Another way to look at it is that he was just a bit better than two-thirds as quick as the other drivers. That’s even worse than Pikes Peak. It’s a big deal in track driving when you’re 2mph slower than someone else; over the course of a 10-lap session, that will put the leading car more than half a minute ahead of you. Jonny’s gap was, uh, more than six times that? That means you get lapped.
In ten laps.
Any self-aware person would be humiliatingly conscious of this. Not Jonny. When his friend, noted bon vivant and recreational competitor Bill Caswell, attempted to gently suggest that he get some additional training or help, Jonny responded thusly:
Jonny’s right about one thing: he didn’t race at Pikes Peak. Because when you’re running at 120% of the winning lap, you’re not in a race. SCCA Majors rules state that:
QUALIFYING: A driver not qualifying within a maximum of 115% of the recognized track record of his/her class must obtain permission from the Race Director in order to race. In the case of unusual circumstances, the Race Director can waive this rule for the entire event.
Not the leading car of the day: the track record. If you can’t get there, you aren’t fit to compete.
To put this in perspective, the Mid-O lap record for SCCA STU class is 1:35.5, set by an infamous, Runoffs-winning, 200-plus-horsepower, 1800-pound Civic that blew up from overstress more often than it actually completed a lap. My wife qualified at 1:41.8 in SCCA STU during the Majors last year, driving a battered MX-5 that has 166 horsepower for 2650 pounds, and I had to basically pep-talk her out of going home. At 106 percent of the record in a car that wasn’t prepped close to the limit of the rules, she wasn’t all that comfortable racing. Because she worried what people would think about her as a driver.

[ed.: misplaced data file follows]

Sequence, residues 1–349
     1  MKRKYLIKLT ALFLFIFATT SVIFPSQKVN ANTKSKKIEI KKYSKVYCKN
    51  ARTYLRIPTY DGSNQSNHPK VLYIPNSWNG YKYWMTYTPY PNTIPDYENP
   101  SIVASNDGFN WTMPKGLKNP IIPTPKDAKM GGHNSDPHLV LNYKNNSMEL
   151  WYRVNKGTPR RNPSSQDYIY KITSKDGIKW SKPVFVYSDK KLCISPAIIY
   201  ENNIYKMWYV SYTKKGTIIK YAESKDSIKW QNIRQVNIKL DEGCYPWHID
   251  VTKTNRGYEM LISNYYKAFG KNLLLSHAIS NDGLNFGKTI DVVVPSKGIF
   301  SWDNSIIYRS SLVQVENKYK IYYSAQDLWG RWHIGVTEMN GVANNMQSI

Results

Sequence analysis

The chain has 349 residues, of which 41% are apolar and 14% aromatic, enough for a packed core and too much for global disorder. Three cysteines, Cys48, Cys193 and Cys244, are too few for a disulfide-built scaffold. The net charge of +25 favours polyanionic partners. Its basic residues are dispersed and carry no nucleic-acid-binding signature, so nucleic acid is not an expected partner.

Lieberman runs worse than 120 percent of — not the track record, just the fast time of the day in an IDENTICAL car — after “dozens of driving schools, thousands of laps on track, and countless track days”, and thinks Caswell should be humiliated for suggesting that he get some additional coaching. If I had a public racing performance like that, I’d write a suicide note and deep-throat a Mossberg, not suggest that it puts me above criticism!
Alright, so Jonny is a bad driver and also an unpleasant person. Does it matter? Only in the sense that Motor Trend is now the leading car magazine in the country, and he is basically the lead writer, the marquee dude. This is the person who decides what the country thinks about each and every new car.
Or maybe not. A lot of the commenters on social media expressed a preference for “CARWOW”, a British YouTube channel, which also drove the Valkyrie. Others mentioned Henry Catchpole, who drove the car for Hagerty because, you know, the staff of multiple race-winning drivers I built from scratch didn’t have anybody who deserved a chance at it or something.
(Too bad they couldn’t have sent me! The Valkyrie is better in a straight line than my Radicals but pretty weak soup in all other respects. I’d have spanked that bitch, as Sniff Petrol likes to say.)
I didn’t read any comments on Instagram that took Jonny seriously, or thought his opinion on the Valkyrie (or anything else) was worth anything. Looking back through MT’s social, that’s the rule, not the exception. The readers appear to despise Jonny. But a bad click pays like a good one, and it’s easier to get. It’s a great business model, with one problem: you need to find someone so obtuse they will generate millions of bad clicks without deep-throating a Mossberg after reading the comments.
Which, if you think about it, is a much rarer quality than just finding someone who can drive, or write, or both. I know dozens of people who fit that loose requirement. So Jonny Lieberman isn’t just a self-assured idiot who fails continually in public; he’s actually like Ringo Starr, someone who can take all the critical abuse and keep smiling through it. He’s genuinely special.